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Evolutionary genomics reveals lineage-specific gene loss and rapid evolution of a sperm-specific ion channel complex: CatSpers and CatSperbeta.

Cai X, Clapham DE - PLoS ONE (2008)

Bottom Line: The development of the CatSper channel complex with four CatSpers and CatSperbeta originated as early as primitive metazoans such as the Cnidarian Nematostella vectensis.The CatSper channel complex underwent rapid evolution and functional divergence, while distinct evolutionary constraints appear to have acted on different domains and specific sites of the four CatSper genes.These results reveal unique evolutionary characteristics of sperm-specific Ca2+ channels and their adaptation to sperm biology through metazoan evolution.

View Article: PubMed Central - PubMed

Affiliation: Department of Cell Biology, Duke University Medical Center, Durham, North Carolina, USA. xinjiang.cai@duke.edu

ABSTRACT
The mammalian CatSper ion channel family consists of four sperm-specific voltage-gated Ca2+ channels that are crucial for sperm hyperactivation and male fertility. All four CatSper subunits are believed to assemble into a heteromultimeric channel complex, together with an auxiliary subunit, CatSperbeta. Here, we report a comprehensive comparative genomics study and evolutionary analysis of CatSpers and CatSperbeta, with important correlation to physiological significance of molecular evolution of the CatSper channel complex. The development of the CatSper channel complex with four CatSpers and CatSperbeta originated as early as primitive metazoans such as the Cnidarian Nematostella vectensis. Comparative genomics revealed extensive lineage-specific gene loss of all four CatSpers and CatSperbeta through metazoan evolution, especially in vertebrates. The CatSper channel complex underwent rapid evolution and functional divergence, while distinct evolutionary constraints appear to have acted on different domains and specific sites of the four CatSper genes. These results reveal unique evolutionary characteristics of sperm-specific Ca2+ channels and their adaptation to sperm biology through metazoan evolution.

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Phylogenetic tree of the 6-TMS bacterial ion channel family.A bootstrapped maximum parsimony tree was constructed with a NaV channel homologue in choanoflagellates (MbrNaV-S3L) as an outgroup. Two CatSper sequences, NveCatSper2 and HsaCatSper2, and two putative CaV channel homologues, MbrCaVS5-1 and NveCaV-S17, are also included. The position of the key aspartate residue in the pore region of two bacterial proteins is marked by gray circles. Bootstrap values of >50 are shown at corresponding branches. Each branch of the tree is labeled with the GI numbers in the NCBI protein database for most organisms. NaChBac, NaVSP and NaVPZ channels were functionally characterized previously [36], [61]. Abbreviations: Hsa, H. sapiens; Mbr, M. brevicollis; Nve, N. vectensis.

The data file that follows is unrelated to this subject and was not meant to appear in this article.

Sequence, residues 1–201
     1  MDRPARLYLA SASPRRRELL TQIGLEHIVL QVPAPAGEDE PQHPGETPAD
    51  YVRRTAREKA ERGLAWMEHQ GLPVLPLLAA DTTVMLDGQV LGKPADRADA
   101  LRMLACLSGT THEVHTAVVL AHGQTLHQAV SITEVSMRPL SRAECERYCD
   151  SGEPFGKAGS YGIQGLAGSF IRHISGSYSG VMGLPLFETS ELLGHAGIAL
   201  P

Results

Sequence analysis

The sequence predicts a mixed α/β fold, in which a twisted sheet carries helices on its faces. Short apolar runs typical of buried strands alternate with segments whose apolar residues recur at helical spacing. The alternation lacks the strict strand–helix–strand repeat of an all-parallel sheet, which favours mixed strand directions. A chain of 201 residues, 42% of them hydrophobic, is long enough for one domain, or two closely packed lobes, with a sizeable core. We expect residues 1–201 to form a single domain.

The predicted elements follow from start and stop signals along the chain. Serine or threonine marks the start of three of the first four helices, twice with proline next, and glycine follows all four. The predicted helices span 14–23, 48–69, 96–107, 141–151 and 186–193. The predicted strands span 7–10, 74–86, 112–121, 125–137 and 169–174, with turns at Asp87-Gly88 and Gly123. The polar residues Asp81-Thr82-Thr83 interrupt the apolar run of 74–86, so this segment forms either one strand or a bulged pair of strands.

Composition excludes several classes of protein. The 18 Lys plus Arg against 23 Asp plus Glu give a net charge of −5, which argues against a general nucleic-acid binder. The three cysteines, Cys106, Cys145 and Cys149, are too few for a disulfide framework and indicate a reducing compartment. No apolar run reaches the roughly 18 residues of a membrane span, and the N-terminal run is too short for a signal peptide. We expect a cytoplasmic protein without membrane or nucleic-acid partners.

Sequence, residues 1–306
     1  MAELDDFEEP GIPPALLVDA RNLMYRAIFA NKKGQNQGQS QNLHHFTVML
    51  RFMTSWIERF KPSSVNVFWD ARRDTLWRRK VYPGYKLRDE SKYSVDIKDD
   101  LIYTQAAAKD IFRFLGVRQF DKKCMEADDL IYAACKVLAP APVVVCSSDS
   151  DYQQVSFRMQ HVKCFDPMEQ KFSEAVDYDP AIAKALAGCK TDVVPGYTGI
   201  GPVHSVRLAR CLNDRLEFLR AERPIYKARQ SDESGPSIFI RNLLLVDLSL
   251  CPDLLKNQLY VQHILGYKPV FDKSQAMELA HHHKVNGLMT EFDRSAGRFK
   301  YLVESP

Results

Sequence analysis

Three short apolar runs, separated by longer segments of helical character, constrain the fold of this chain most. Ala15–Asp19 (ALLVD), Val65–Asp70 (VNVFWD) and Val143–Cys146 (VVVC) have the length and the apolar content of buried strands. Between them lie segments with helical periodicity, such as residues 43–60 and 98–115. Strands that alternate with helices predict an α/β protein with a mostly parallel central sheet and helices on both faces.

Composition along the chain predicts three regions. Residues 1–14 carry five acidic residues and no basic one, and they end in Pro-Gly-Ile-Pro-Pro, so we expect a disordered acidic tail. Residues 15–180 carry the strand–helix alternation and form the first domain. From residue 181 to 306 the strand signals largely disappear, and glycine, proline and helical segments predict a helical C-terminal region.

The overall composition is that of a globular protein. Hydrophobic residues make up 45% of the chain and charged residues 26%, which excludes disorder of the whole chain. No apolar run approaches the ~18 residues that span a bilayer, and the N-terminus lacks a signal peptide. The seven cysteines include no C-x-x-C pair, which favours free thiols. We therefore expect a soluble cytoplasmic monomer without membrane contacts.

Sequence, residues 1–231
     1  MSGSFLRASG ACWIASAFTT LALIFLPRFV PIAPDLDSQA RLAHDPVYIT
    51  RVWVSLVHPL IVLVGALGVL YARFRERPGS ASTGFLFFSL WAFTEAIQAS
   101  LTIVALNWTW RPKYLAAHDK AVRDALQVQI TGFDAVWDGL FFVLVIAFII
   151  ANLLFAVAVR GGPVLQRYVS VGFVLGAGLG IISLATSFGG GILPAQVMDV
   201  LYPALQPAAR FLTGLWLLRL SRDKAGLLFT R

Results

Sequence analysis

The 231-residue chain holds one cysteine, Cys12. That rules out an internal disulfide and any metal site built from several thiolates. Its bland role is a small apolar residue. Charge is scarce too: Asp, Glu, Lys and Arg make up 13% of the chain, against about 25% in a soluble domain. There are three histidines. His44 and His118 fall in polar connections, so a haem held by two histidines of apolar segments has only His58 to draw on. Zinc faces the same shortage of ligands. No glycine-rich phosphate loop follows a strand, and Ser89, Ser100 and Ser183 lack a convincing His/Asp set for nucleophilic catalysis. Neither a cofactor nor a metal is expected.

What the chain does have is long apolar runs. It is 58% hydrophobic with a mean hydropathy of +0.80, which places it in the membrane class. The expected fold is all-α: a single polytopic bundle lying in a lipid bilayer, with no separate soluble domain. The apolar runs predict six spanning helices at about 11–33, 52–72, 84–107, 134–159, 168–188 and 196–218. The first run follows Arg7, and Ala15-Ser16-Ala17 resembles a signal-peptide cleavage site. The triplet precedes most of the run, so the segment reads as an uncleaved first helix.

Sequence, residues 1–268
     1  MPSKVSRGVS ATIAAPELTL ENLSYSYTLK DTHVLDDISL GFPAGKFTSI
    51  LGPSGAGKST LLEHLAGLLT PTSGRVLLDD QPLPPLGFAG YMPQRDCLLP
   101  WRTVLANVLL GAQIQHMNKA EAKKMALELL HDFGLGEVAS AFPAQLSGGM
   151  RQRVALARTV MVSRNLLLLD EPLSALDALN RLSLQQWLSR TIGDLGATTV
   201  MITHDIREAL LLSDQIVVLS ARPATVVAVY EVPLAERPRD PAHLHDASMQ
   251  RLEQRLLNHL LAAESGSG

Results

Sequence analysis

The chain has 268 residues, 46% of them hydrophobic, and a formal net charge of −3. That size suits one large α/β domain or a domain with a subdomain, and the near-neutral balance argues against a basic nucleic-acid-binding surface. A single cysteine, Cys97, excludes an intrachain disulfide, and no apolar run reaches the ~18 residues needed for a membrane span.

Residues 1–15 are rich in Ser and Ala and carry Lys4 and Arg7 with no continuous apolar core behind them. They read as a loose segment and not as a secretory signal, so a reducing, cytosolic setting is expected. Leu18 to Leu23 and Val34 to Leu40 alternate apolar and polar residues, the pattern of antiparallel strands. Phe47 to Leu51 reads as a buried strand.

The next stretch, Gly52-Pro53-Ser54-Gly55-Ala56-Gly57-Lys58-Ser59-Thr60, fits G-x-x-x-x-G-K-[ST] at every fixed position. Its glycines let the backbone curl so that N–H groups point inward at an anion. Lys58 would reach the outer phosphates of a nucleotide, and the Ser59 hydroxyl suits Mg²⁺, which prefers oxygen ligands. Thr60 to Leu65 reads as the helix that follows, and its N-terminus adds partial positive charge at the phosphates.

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pone-0003569-g005: Phylogenetic tree of the 6-TMS bacterial ion channel family.A bootstrapped maximum parsimony tree was constructed with a NaV channel homologue in choanoflagellates (MbrNaV-S3L) as an outgroup. Two CatSper sequences, NveCatSper2 and HsaCatSper2, and two putative CaV channel homologues, MbrCaVS5-1 and NveCaV-S17, are also included. The position of the key aspartate residue in the pore region of two bacterial proteins is marked by gray circles. Bootstrap values of >50 are shown at corresponding branches. Each branch of the tree is labeled with the GI numbers in the NCBI protein database for most organisms. NaChBac, NaVSP and NaVPZ channels were functionally characterized previously [36], [61]. Abbreviations: Hsa, H. sapiens; Mbr, M. brevicollis; Nve, N. vectensis.

Mentions: Our database search did not identify the putative primordial CatSper sequence. It remains possible that the introduction of the primordial, probably distantly related, CatSper channel could be made through horizontal gene transfer between prokaryotes and primitive metazoan species, such as single 6-TMS domain NaV channels NaVBP [19], NaChBac [61], and 11 bacterial NaChBac homologues [36]. All these bacterial NaV channel homologues share a glutamate residue as the key acidic residue in the putative channel pore region [36], in contrast to the key aspartate residue conserved in CatSpers (Fig. 2). We analyzed 40 more bacterial protein sequences (protein cluster CLS1187052), which display high sequence homology and structural similarity to NaChBac. None of these 40 bacterial homologues grouped with CatSper sequences (Fig. 5). However, two (GI No. 56963529 and 134099759) have the key aspartate residue in the putative pore region, and it would be interesting compare their Ca2+-selectivity, voltage-dependence and kinetics with the CatSper channel.